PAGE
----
Event Title

The Route to Musicianship Affects Language Along the Way

Co-Author(s)

Dr. Kelly Jantzen, Seth Novak, Anne Huntemer

Research Mentor(s)

Dr. McNeel Jantzen

Description

Intro: Perception and processing of speech displays similar acoustic features to that of music in the human brain. One of the most important temporal acoustic features in speech processing is voice onset time (VOT), or the length between the closure and start of voicing. Previous research suggests that VOT allows us to differentiate between voiced (e.g., /b/) and voiceless (e.g., /p/) stop consonants. Because musicians are better categorizing voiceless stimuli, have a more accurate representation of auditory stimuli and are less susceptible to background noise than non musicians, we predicted that musical training would improve a non-musician’s ability to discriminate a voiced from a voiceless stop consonant. This would suggest that musical training modulates neuroplastic changes in the language network of the human brain. Method: Previous researchers in the Language and Neural Systems lab recruited 15 non-musicians, and pre-tested their perceptual mapping ability with 3 tasks (An identification task and judged goodness tasks for both voiced and voiceless). Then they had the participants complete the WWU Music Department Theta Music Trainer Program over eleven days. Finally, the researchers tested the subjects’ perceptual mapping ability post-training. Results: There were n=12 learners and n=3 non learners at the end of the musical training. The learners were either an initial learner, because they had a good perceptual mapping representation pre and post training, or a non-initial learner, because they had a poor perceptual mapping representation pre musical training and then improved at the end of 11 days. Many of the learners displayed evidence of the perceptual magnet theory. Conclusions: Musical training either improved or maintained the learners’ ability to discriminate voiced and voiceless stop consonant speech sounds. Thus, we suggest that musical training can improve speech perception. This is interesting because it suggests that the music processing networks modulate the speech processing networks.

Document Type

Event

Start Date

May 2018

End Date

May 2018

Location

BRAIN, Behavioral Neuroscience

Rights

Copying of this document in whole or in part is allowable only for scholarly purposes. It is understood, however, that any copying or publication of this document for commercial purposes, or for financial gain, shall not be allowed without the author’s written permission.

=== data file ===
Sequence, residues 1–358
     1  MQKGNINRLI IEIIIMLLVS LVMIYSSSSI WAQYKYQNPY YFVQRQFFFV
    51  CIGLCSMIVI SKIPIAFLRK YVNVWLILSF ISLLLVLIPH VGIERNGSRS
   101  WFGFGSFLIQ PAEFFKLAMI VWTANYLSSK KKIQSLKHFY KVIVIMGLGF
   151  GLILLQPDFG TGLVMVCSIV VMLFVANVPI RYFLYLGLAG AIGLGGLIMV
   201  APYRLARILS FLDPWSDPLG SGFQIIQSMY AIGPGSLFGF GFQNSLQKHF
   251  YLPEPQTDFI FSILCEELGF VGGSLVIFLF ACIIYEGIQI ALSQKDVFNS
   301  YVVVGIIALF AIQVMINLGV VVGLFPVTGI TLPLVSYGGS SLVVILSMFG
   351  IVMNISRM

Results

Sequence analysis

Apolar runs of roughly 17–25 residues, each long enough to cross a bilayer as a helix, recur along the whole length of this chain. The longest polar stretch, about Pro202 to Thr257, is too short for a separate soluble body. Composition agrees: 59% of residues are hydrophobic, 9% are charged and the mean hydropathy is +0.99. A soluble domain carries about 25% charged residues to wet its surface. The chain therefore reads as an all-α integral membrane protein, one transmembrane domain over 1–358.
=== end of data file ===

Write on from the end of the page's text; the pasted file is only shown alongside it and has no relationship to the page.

Language

English

Format

application/pdf

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May 16th, 12:00 PM May 16th, 3:00 PM

The Route to Musicianship Affects Language Along the Way

BRAIN, Behavioral Neuroscience

Intro: Perception and processing of speech displays similar acoustic features to that of music in the human brain. One of the most important temporal acoustic features in speech processing is voice onset time (VOT), or the length between the closure and start of voicing. Previous research suggests that VOT allows us to differentiate between voiced (e.g., /b/) and voiceless (e.g., /p/) stop consonants. Because musicians are better categorizing voiceless stimuli, have a more accurate representation of auditory stimuli and are less susceptible to background noise than non musicians, we predicted that musical training would improve a non-musician’s ability to discriminate a voiced from a voiceless stop consonant. This would suggest that musical training modulates neuroplastic changes in the language network of the human brain. Method: Previous researchers in the Language and Neural Systems lab recruited 15 non-musicians, and pre-tested their perceptual mapping ability with 3 tasks (An identification task and judged goodness tasks for both voiced and voiceless). Then they had the participants complete the WWU Music Department Theta Music Trainer Program over eleven days. Finally, the researchers tested the subjects’ perceptual mapping ability post-training. Results: There were n=12 learners and n=3 non learners at the end of the musical training. The learners were either an initial learner, because they had a good perceptual mapping representation pre and post training, or a non-initial learner, because they had a poor perceptual mapping representation pre musical training and then improved at the end of 11 days. Many of the learners displayed evidence of the perceptual magnet theory. Conclusions: Musical training either improved or maintained the learners’ ability to discriminate voiced and voiceless stop consonant speech sounds. Thus, we suggest that musical training can improve speech perception. This is interesting because it suggests that the music processing networks modulate the speech processing networks.